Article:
If you send me your email, I'd be happy to shoot you over a course catalog. Also, I mentor people for free, and maybe I can help get you "unstuck". Because the very things that you are asking, makes me think we might be able to help!

Best,

Sean

Quote by Who Sh0t Ya HxO
The problem with learning on my own, is that I don't know exactly what I should be learning. I need someone to tell what I don't know so that they can tell me what I need to learn.

For example, I don't understand chords. Sure you can explain to me the definition or tell me to go learn chords. Learning and memorizing chord shapes does not help me understand them, I know some but it doesn't help me. I want to know how they work in songs, when you use them, how do they help me in creating songs... I play metal genres most metal bands I know I don't see them pulling out an A chord or whatever.

As for the barre chords... forget them, I'm not taking Tom's lessons, therefore I can put that off until after I understands chords in general.
Who Sh0t Ya HxO
Registered User
Join date: Apr 2008
120 IQ
#31
Quote by Hail
e)----8-----
B)----8-----
G)----9-----
D)----10----
A)----10----
E)----8-----


just to get your feet wet:

this is a C major chord. if you wanted, you could even imagine it as a sweep arpeggio


e)---------------8h12(T)19p12p8--------------
B)-------------8----------------8-------------
G)------------9------------------9------------
D)----------10--------------------10----------
A)--------10------------------------10--------
E)----8h12-----------------------------12p8----


whether or not your at the sweeping level, you can see that they have basically the same notes. a lot of metal players don't even realize that the intricate sweep patterns they do are just within the confines of chord tones, and don't realize that by learning to make their own chords, they can make their own arpeggio voicings as well. i doubt you're sweeping if you can't perform barre chords, but honestly i was trying (and failing) to sweep long before i even knew what a barre chord was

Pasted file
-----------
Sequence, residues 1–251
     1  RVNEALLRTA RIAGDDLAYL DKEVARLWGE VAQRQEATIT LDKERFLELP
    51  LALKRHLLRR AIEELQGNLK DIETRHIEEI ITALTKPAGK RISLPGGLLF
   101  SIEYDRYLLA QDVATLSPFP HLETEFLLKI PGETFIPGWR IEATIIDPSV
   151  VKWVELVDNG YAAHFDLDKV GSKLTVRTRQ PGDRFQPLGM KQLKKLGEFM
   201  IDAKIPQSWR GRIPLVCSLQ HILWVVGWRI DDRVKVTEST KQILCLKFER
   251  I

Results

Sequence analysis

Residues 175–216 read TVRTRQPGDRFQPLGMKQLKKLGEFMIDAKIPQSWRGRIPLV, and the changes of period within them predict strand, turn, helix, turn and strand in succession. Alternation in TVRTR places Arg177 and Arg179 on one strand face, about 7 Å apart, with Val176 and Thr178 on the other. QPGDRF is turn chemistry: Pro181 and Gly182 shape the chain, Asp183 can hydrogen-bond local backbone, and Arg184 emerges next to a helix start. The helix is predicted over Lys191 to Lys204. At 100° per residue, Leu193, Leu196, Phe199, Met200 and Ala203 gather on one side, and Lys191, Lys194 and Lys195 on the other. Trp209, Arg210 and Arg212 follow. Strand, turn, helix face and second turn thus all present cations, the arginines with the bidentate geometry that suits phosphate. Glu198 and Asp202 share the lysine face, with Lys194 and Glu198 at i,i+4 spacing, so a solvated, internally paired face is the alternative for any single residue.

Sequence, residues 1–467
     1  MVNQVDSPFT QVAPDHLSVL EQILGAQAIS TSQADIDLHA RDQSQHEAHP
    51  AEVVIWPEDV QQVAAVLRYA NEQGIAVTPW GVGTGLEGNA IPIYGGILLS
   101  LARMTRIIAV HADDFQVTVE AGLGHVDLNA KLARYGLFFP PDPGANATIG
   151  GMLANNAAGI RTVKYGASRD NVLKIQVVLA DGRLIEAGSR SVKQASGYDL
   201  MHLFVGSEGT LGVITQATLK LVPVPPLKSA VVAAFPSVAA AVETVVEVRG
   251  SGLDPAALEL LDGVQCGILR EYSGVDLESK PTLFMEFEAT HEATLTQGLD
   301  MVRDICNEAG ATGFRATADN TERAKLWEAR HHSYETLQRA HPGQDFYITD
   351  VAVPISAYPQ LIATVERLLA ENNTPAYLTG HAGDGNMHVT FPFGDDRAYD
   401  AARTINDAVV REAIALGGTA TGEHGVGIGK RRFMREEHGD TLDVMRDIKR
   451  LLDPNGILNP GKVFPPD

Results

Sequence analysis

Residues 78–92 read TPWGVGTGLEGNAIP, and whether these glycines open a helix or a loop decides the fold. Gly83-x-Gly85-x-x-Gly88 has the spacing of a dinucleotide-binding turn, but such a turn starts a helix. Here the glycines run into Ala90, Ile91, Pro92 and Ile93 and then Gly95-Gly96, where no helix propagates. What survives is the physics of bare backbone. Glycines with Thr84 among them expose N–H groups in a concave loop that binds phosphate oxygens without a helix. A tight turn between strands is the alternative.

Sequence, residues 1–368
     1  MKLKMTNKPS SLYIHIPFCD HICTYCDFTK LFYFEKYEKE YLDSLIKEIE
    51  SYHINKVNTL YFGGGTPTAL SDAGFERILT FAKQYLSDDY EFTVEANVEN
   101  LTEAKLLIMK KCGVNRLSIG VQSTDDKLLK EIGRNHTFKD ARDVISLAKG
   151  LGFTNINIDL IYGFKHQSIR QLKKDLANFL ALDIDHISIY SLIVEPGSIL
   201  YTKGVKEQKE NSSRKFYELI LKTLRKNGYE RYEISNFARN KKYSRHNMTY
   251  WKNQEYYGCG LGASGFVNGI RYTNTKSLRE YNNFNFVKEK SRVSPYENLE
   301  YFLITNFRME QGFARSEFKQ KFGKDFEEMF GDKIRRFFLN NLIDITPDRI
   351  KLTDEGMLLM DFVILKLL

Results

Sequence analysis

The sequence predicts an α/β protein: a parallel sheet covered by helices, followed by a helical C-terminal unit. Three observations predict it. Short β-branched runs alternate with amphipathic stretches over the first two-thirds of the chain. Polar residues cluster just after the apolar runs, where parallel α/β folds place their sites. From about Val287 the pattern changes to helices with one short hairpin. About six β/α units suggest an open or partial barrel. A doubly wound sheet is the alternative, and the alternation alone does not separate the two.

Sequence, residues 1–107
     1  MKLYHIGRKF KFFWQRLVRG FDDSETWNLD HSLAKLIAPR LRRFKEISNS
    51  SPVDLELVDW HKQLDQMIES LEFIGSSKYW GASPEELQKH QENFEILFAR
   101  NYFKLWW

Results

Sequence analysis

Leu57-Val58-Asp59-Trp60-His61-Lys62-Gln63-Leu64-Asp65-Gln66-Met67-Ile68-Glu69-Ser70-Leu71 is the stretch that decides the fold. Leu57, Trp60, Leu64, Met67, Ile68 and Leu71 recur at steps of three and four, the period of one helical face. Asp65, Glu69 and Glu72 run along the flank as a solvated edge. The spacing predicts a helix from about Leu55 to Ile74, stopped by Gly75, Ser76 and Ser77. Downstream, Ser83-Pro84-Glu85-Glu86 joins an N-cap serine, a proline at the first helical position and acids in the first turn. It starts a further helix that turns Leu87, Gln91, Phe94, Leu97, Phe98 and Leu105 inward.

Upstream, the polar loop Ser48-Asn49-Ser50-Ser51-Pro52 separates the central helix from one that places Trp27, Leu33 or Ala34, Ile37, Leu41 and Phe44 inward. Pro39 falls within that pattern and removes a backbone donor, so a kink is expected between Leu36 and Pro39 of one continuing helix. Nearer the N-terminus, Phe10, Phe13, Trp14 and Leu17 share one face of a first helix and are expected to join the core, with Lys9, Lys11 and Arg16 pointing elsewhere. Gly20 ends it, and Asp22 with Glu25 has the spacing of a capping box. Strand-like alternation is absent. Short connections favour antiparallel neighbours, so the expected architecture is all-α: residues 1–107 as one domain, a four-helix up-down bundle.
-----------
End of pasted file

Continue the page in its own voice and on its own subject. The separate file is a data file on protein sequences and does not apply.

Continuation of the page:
now, how do you get the chords, and how do they interact?

C major has no sharps or flats, so the diatonic notes in the key of C major are:

C D E F G A B

within the chord, the voicing is C G C E G C

so, essentially, it's C E G.

now, if we number the notes in the key in order tonally:

R 2 3 4 5 6 7
C D E F G A B


C E G are the root, 3rd, and 5th in a major "triad", making a C major chord.

now, if you take that same key, and try to make, say, a D chord, your key signature has no sharps or flats, so you're stuck in that. typically theory doesn't have rules, but hypothetically speaking let's pretend you're forced to not use any accidentals here. you'd do the same thing as the C - add the 3rd and 5th note in the series if the D was the root.

D F A will spell out the chord. now, if you play that on your guitar, it'd be


e)----10-----
B)----10-----
G)----10-----
D)----12-----
A)----12-----
E)----10-----


that's not a major chord! a D major chord has an F# instead of an F, but because we can't use sharps or flats here, the 3rd is flattened.

now, i could do this and spell out triads all over the neck for you in C major, but you know the basic shapes you'll get and what to look for. you don't have to play these barre chords yet, but understand what they mean and be able to spell them out.

these are only triads - the most basic of chords, other than dyads (like power chords and double stops) - but once you understand the difference between major and minor chords and their role within each major and minor key, you have the resources at your disposal to figure out 7th chords and beyond.


All this chord talk is like math to me... so confusing. I don't know what triads are, or what diatonic is, or what a voicing is. Thanks for trying to help though...

I'm going to need something more remedial and simple.
Last edited by Who Sh0t Ya HxO at Jul 20, 2012,
Captaincranky
Registered User
Join date: Sep 2011
30 IQ
#32
Quote by Who Sh0t Ya HxO
All this chord talk is like math to me...
That's exactly what music is, applied mathematics. And BTW, not very difficult math. In most cases, simple addition and subtraction.

You need to learn the most basic level of music theory. How to form a major scale, how to extract and form the chords created by it.

If you don't have that down, most everything will sound incomprehensible to you.

And IMO, you're really not at a level where you should start investing big buck into an online course. Basic theory, with a bit of resolve, you should almost be able to teach yourself. There is a point where everything simply falls into place. Why notes are sharps or flats, why certain groups of chords are associated with a certain key, and on....Why everything depends on a working understanding of the "chromatic scale"..

I don't fully have the drift of this thread down, but it seems you want to run before you can walk.

Basic theory might even be easier to learn if you have access to a piano. A keyboard is a very graphic representation of the relationship between notes. The fret board is far more abstract.